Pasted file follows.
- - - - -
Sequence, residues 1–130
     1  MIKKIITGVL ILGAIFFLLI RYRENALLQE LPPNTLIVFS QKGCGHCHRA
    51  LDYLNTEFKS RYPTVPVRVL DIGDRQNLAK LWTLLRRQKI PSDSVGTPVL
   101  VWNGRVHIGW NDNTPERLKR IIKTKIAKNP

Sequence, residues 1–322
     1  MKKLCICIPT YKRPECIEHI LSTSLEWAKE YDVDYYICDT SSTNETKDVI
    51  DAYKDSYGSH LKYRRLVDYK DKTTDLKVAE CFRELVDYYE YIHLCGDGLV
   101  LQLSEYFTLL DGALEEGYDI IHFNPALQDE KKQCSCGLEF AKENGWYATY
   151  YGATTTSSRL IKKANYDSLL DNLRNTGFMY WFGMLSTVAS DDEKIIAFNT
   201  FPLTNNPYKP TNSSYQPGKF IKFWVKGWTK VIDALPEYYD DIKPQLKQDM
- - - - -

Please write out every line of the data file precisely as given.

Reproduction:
Sequence, residues 1–130
     1  MIKKIITGVL ILGAIFFLLI RYRENALLQE LPPNTLIVFS QKGCGHCHRA
    51  LDYLNTEFKS RYPTVPVRVL DIGDRQNLAK LWTLLRRQKI PSDSVGTPVL
   101  VWNGRVHIGW NDNTPERLKR IIKTKIAKNP

Sequence, residues 1–322
     1  MKKLCICIPT YKRPECIEHI LSTSLEWAKE YDVDYYICDT SSTNETKDVI
    51  DAYKDSYGSH LKYRRLVDYK DKTTDLKVAE CFRELVDYYE YIHLCGDGLV
   101  LQLSEYFTLL DGALEEGYDI IHFNPALQDE KKQCSCGLEF AKENGWYATY
   151  YGATTTSSRL IKKANYDSLL DNLRNTGFMY WFGMLSTVAS DDEKIIAFNT
   201  FPLTNNPYKP TNSSYQPGKF IKFWVKGWTK VIDALPEYYD DIKPQLKQDM